C Programming Tools Lectures: May/June 2018
I have just given the fourth and final of these 4 first year lectures on C Programming Tools, building a toolbox of useful tools, and the craft skills to use them effectively, in order to make C programming easier.
In the lectures, I strongly recommend The Pragmatic Programmer by Hunt & Thomas. The woodworking metaphor and many inspirational tips comes from there. A few years ago, I wrote a review of this book in my Practical Software Development webpages, please find it here.
This year's brief for the lectures is given by the following syllabus, as each lecture is ready, we'll add a link here to the lecture materials (slides and examples tarball):
Lecture 1: Tuesday 29th May 2018, 11am-noon, room 308
- Intro: Pragmatic programming, toolbox approach.
- Editing: A quick review of what to expect from a decent programming environment, especially extendability, choose one and specialise.
- Compiling: Description of Make and work through an example in detail. Give tips on how you can build your own simple makefiles even for small projects. Give an example of CMake for larger projects.
- Multi-directory C projects, Makefiles and libraries, covering the include path, lib dir path, -lLIB syntax, one Makefile per directory.
- First Lecture Materials Here
Lecture 2: Thursday 31st May 2018, noon-1pm, room 308
- Debugging: description and basic use of gdb.
- Memory leak detection: application of Valgrind to a leaky hash table example.
- Profiling: noone understands even their own code's runtime behaviour. Work through profiling example using either gprof or valgrind profiling.
- Automatic Testing: Highlighting the importance of testing and describing the concepts of unit tests and TDD. 'make test'.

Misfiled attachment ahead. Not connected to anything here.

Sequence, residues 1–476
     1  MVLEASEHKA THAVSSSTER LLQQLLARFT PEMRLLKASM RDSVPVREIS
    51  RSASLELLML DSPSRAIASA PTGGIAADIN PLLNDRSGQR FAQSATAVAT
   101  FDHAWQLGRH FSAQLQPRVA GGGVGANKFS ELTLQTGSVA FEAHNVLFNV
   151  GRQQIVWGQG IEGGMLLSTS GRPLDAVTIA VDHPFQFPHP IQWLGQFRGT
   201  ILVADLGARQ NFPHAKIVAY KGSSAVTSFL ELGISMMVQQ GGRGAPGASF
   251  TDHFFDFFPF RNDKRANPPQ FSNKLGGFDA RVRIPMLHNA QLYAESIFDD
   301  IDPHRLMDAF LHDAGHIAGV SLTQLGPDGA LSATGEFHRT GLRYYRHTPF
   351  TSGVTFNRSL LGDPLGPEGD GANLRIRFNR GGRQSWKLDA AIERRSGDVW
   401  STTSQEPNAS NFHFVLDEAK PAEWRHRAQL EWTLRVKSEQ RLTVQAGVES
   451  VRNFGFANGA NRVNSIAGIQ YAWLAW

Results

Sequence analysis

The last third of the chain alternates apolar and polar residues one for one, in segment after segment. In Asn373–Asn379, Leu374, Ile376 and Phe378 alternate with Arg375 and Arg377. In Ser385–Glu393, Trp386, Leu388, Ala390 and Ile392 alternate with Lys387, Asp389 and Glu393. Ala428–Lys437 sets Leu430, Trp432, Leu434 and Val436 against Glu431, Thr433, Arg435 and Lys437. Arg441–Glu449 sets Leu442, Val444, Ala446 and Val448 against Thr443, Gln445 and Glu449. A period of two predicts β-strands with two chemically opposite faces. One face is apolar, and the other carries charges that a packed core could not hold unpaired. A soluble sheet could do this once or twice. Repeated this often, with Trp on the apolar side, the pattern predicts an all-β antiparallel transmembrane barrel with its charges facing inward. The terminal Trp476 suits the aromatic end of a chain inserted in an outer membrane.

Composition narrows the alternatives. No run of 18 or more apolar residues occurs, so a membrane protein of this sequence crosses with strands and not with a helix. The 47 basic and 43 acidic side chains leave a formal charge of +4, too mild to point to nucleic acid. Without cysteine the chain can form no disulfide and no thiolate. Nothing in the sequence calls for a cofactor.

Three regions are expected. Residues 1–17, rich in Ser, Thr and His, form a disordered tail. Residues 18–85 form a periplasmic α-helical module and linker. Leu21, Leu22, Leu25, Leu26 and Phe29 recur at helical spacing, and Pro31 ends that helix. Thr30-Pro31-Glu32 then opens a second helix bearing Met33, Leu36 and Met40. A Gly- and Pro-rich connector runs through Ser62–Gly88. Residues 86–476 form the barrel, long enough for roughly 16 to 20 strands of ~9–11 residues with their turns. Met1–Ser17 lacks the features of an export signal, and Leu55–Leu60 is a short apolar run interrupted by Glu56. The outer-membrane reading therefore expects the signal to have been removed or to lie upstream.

- Second Lecture Materials Here
Lecture 3: Thursday 7th June 2018, noon-1pm, room 308
- Building your own tools - aka, what to do if the tool you want doesn't exist: consider building it yourself, to save time over the long term. Core principle: Spot patterns, bore easily, automate, save time!
- Build tools at a range of scales:
- Tiny: Build shortlived tools (eg Perl one liners or awk/sed/grep pipelines, or their C equivalents), short throwaway programs that you write in minutes, use for minutes and then discard. Examples: generating repetitive output from simpler input forms.
- Medium: Generating C prototypes automatically: a tool called proto that I wrote a long time ago to solve a problem that irritated me.
- Build/gather a collection of reusable ADT modules (hashes, sets, lists, trees etc), well tested, general purpose, that you know well.
- Building Large tools: Why not generate ADT modules automatically from Haskell style "inductive data declarations": my tool called datadec, and wider lessons: do you think "make" is amazing? it only exists because someone sat down and wrote it. You can do something like that too!
- Third Lecture Materials Here
Lecture 4: Thursday 14th June 2018, noon-1pm, room 308I have just given the fourth and final of these 4 first year lectures.
This final lecture covers the following single topic: Making Code Generator Tools easier - autogenerating parser and lexers.
- Building little languages easily by using parser generator and lexer generator tools (eg. the combination of Yacc/Bison, Lex/Flex, and datadec for Abstract Syntax Trees).
- Worked example of a tiny Haskell Subset.
- Code generator spits out C, so without noticing it we end up writing a compiler that translates a tiny subset of Haskell to C, along the way.
- Better yet, we only write 16% of the code and our tools write the rest.
- New thoughts on an alternative parsing technique.
- Conclusions: use tools as much as you can. choose ones you like; become expert in their use. build a toolkit of trusted tools. Build your own tools where necessary. Define your own little languages, use parser generator tools to help.
- Fourth Lecture Materials Here
Updated: 13th June 2018
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